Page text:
Awhile back, on my railroad in a location not far away, a crew was snoozing in the wee hours of the AM as they set in a siding awaiting an opposing train- a loaded coal train. I believe they said the weather was a bit damp and cool. Good sleeping weather! Anyway, here comes the train into view down a long piece of tangent track. The snoozing crew continues their snooze and no one watches the train by. Without batting an eye(lid) the train passes them and as soon as the rear end of it roars past, the snoozers "highball" the train via radio and then come to life to get ready to leave.

Not less than a few minutes later, the train they failed to watch by goes into emergency as it is going over a defect detector and the detector doesn't do it's normal announcement.

That conductor walks his train to find the trouble and he doesn't have to go far~ a journal on a car burnt off and there were cars and coal scattered all over the place! I believe I heard it demolished the detector building along with all the other damage it caused.

In the ensuing investigation, they grilled the snoozing crew whom asserted that they most certainly watched that train by and saw nothing amiss.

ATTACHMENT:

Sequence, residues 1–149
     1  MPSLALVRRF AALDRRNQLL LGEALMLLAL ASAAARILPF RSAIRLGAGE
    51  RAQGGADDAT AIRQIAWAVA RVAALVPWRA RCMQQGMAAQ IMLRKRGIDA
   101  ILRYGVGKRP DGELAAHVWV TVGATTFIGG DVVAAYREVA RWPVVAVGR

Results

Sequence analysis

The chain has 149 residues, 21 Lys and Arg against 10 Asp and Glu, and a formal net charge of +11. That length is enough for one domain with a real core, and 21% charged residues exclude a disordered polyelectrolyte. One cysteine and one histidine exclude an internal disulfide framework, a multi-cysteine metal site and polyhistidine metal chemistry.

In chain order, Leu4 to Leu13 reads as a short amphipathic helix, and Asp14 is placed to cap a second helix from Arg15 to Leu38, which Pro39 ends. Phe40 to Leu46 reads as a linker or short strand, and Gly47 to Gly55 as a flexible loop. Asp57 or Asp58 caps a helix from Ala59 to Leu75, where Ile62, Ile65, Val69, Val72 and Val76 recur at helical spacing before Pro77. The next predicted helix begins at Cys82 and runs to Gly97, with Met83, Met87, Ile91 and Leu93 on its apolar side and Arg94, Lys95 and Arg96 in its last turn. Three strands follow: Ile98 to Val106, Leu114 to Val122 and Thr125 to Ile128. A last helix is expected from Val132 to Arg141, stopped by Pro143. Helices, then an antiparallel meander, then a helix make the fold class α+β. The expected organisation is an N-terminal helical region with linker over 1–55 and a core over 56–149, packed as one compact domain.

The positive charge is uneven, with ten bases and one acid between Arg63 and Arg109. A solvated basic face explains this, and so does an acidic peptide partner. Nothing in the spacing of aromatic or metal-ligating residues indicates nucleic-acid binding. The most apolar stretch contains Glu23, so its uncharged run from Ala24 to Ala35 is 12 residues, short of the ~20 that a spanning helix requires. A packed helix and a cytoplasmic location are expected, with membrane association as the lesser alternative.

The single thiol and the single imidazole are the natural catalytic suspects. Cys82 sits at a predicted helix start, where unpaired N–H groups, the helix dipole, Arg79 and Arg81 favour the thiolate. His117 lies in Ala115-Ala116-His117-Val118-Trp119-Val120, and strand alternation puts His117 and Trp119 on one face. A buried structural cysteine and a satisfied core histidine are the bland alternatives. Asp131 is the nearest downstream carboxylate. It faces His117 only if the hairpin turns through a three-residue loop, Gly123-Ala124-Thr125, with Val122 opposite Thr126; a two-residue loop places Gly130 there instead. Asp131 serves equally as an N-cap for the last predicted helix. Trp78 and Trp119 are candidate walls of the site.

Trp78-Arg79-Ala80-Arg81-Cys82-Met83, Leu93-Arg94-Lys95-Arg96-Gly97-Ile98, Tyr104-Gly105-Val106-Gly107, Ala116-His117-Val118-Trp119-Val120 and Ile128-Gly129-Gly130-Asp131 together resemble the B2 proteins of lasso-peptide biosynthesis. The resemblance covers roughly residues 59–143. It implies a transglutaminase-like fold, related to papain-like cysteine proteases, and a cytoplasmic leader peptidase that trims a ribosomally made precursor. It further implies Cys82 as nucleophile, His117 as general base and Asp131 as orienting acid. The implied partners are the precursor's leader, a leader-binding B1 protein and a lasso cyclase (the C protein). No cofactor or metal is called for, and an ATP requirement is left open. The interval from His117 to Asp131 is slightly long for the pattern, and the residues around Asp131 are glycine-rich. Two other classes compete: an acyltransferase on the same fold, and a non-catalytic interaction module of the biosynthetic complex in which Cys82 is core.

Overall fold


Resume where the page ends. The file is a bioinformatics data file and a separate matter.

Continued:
Well, along comes the guys with the laptop computers. They pull the onboard camera (black box) and ship it off to headquarters for review.

Then, the heads start to roll. As the footage was viewed of the passing train, lo and behold out in the distance (remember the part about long, tangent track and wee (dark) hours earlier?) you can see a faint glow of a glowing bearing/axle, which continues to get brighter and brighter as it got closer. As that car draws near, you could actually see molten steel dripping off onto the ends of the ties as the axle was having a "meltdown".

That was the end of their defense. They got fired for lying, among other things, cause they lied about watching the train by when they didn't- Not sure when they'll be back to work.

Such is the life of a railroad man.
 
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w2smw

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hiball signal

KB2VXA is the correct answer as to what the original meaning was and I think that the signal that is in his picture is still in place somewhere in New England. and a PS to KB2VXA , I got help on my Harmon trackstar on Batboard from a fellow ham who worked on the radios I have(now 6 of them with 3 working) so there is real technical help out there but not here. I watch this board for all the jokes that I see, keep me laughing
 

kb2vxa

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Since I moved into a place where I can't have a decent antenna it's been "downsized" to a Uniden BC796D and a trunk lip mount cell phone antenna clamped to a bracket on the wall. At least I'm on the 3rd floor and not in a basement apartment. (;->)

As an aside, NJT has been replacing ties around here and the track gang tends to start out confused and gets slap happy toward afternoon, quite entertaining.
 

duchee

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hey whatever works :D i would have the the same thing. you should take a picture someday im curious to see how it looks.